I try to do simple round of a*b, if decimal is >= 0.5 then round up, if it less than 0.5 round down. I expected the result to be 15495, but somehow the result show 15494.

Do you have any suggestion of what I did wrong?[question.knwf|attachment]
(upload://1VRGNEBf1k9A870IrngPkRScXCX.knwf) (8.0 KB)

32.62 times 475 is not 15494.5 but 15494.49999999…

If you change the visualisation to Full Precision as showed in the snapshot above, you will see that this is the case. The Standard Double visualization by default is sometimes misleading in the case of “periodic decimals” or irrational numbers.

The HALF_UP function hence provides the expected result:

Complementary to my previous message, this problem with double numbers is not a problem with KNIME, but it is due to the way double numbers are coded and handled in binary format by computers. Often computers introduce tiny (0.0000000…0001) errors when converting and operating decimal numbers into binary format which may eventually lead to rounding errors. So for instance here:

32.62 times 475 is definitely 15494.5 for a human

but

32.62 times 475 is 15494.49999 (periodic) for a computer. It doesn’t help when using mathematical truncation or rounding functions, specially when you are at the edge of the truncation or rounding value.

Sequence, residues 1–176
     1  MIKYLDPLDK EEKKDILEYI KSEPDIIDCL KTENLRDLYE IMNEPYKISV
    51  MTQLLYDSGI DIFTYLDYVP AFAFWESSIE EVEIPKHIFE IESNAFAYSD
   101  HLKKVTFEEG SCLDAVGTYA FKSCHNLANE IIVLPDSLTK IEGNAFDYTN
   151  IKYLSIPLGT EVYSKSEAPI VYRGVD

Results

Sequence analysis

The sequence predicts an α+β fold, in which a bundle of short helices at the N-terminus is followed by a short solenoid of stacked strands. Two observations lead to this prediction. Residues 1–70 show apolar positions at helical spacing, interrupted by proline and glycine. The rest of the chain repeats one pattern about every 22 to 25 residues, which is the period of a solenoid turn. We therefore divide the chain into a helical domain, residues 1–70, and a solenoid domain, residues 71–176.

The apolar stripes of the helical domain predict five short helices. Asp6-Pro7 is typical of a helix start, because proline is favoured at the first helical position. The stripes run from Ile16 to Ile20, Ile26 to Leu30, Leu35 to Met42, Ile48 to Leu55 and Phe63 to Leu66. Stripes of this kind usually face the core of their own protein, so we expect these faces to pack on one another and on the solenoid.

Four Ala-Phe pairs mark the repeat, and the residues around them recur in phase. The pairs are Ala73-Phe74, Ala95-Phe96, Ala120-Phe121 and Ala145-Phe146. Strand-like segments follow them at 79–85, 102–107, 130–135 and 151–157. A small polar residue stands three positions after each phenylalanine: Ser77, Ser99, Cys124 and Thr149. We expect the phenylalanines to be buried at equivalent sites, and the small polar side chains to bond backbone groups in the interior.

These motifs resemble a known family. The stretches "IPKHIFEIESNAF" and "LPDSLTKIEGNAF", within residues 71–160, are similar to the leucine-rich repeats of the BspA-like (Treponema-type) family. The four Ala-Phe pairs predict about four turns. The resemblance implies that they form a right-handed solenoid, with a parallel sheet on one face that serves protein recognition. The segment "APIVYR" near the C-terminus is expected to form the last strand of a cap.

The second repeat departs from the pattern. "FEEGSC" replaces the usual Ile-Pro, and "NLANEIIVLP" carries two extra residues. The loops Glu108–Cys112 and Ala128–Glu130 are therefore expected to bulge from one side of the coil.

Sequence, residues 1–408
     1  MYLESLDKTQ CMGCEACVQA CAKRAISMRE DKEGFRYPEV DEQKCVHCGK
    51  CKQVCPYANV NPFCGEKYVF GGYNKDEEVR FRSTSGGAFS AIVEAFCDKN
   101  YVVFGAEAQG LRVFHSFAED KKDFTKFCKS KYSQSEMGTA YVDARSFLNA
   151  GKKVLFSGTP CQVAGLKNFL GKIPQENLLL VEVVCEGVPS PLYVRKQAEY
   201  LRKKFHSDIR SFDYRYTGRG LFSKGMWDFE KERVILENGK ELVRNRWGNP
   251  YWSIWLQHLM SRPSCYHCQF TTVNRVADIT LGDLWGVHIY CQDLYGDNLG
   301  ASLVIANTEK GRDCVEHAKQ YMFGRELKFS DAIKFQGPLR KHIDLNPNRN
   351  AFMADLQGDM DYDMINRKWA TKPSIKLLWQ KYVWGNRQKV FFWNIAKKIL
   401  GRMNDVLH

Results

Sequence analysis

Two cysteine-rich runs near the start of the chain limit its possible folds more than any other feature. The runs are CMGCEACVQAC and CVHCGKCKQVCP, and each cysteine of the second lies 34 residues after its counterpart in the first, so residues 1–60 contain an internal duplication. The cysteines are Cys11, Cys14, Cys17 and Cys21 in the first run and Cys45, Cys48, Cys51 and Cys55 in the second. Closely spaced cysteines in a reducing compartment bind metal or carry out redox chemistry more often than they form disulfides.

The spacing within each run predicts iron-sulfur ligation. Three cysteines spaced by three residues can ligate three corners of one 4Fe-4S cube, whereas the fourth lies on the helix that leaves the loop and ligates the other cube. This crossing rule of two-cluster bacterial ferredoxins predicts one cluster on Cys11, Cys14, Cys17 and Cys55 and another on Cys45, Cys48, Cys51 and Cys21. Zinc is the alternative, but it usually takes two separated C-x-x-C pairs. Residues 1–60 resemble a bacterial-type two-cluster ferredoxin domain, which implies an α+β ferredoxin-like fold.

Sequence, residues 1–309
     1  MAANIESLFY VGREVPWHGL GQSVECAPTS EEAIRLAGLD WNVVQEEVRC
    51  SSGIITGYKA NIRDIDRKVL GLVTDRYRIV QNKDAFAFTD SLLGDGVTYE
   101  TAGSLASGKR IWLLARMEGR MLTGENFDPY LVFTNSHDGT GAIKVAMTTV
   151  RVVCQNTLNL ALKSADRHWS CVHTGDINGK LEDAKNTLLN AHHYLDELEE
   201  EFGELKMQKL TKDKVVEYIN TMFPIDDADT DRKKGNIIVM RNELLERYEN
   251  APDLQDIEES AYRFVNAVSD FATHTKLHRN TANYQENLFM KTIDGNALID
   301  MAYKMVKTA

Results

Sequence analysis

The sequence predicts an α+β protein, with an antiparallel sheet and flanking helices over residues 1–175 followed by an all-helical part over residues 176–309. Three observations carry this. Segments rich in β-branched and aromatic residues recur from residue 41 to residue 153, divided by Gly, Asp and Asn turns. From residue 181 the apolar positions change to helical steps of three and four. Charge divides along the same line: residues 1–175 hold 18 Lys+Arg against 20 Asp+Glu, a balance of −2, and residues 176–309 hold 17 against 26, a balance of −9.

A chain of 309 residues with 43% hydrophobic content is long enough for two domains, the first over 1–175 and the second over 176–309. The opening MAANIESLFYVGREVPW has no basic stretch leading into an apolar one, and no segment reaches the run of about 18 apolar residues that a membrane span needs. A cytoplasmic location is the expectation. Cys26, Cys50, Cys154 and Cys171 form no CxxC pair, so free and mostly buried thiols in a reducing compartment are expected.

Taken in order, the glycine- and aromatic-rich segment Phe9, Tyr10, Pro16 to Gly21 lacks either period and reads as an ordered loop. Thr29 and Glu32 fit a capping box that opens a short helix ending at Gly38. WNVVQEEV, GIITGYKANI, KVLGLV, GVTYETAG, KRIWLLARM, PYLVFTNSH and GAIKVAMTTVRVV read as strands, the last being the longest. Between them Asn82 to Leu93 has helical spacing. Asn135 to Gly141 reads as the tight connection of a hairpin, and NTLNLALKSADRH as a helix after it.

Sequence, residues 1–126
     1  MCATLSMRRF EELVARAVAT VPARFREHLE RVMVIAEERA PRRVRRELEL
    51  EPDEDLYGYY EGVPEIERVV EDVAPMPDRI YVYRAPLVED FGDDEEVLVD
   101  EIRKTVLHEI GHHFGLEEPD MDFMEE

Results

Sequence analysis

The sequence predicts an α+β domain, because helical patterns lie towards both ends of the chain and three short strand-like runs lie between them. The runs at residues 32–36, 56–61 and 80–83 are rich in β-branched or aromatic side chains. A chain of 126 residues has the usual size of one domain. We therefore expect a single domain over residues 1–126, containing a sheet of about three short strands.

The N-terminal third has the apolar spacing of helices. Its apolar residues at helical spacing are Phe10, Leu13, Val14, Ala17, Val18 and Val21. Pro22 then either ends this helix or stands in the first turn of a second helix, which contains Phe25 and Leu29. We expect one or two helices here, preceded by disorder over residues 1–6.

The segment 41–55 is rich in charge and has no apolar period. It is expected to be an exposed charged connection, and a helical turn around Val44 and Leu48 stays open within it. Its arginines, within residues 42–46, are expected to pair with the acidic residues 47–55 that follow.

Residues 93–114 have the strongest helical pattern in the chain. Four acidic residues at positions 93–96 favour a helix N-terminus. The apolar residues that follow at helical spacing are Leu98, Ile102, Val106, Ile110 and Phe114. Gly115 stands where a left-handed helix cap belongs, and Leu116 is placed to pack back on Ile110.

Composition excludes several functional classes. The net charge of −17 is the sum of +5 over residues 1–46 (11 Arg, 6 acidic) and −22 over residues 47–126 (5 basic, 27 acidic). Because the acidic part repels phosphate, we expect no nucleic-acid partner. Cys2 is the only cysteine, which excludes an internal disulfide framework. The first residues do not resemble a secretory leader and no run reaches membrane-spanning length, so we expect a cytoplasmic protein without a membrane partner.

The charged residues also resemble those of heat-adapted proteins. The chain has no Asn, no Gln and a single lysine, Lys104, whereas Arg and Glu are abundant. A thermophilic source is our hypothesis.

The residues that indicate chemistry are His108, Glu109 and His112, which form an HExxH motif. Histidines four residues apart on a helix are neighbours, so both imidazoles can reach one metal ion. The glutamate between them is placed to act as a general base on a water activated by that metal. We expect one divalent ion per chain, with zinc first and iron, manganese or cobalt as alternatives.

In your case, a possible solution to implement, if you know the maximum number of decimals in your double number, is the following:

If for instance you are handling currency double numbers with cents (two decimals), then you could multiple each of your numbers by 100 and eventually divide the total by 10000. The result is then correct because binary conversion will not need to handle decimals:

It is quite difficult to explain the reason to business user since it is quite counter intuitive comparing to something like Excel. However, thanks a lot for your details explanation and work around, it works perfectly with my case.

I tested too in Java and it is the same, the result is correct.

On top of what I just said, I did further research and found the following thread:

RInt differs from the Round class in that it uses the Math.rint() method rather than Math.round(). Unlike Math.round(), in the case of a tie (e.g 1.5) Math.rint() prefers the nearest even integer (so rint(1.5) = 2). This has better statistical properties. For the two argument version you can consider it as a rounding method with a mode of round-half-even.

Apparently KNIME has adopted a -RInt- rounding scheme (or banking Scheme) to avoid “benefit or loss bias” in the long term when rounding. This is not intuitive and obvious to be understood.

Hope this clarifies possible issues or differences too.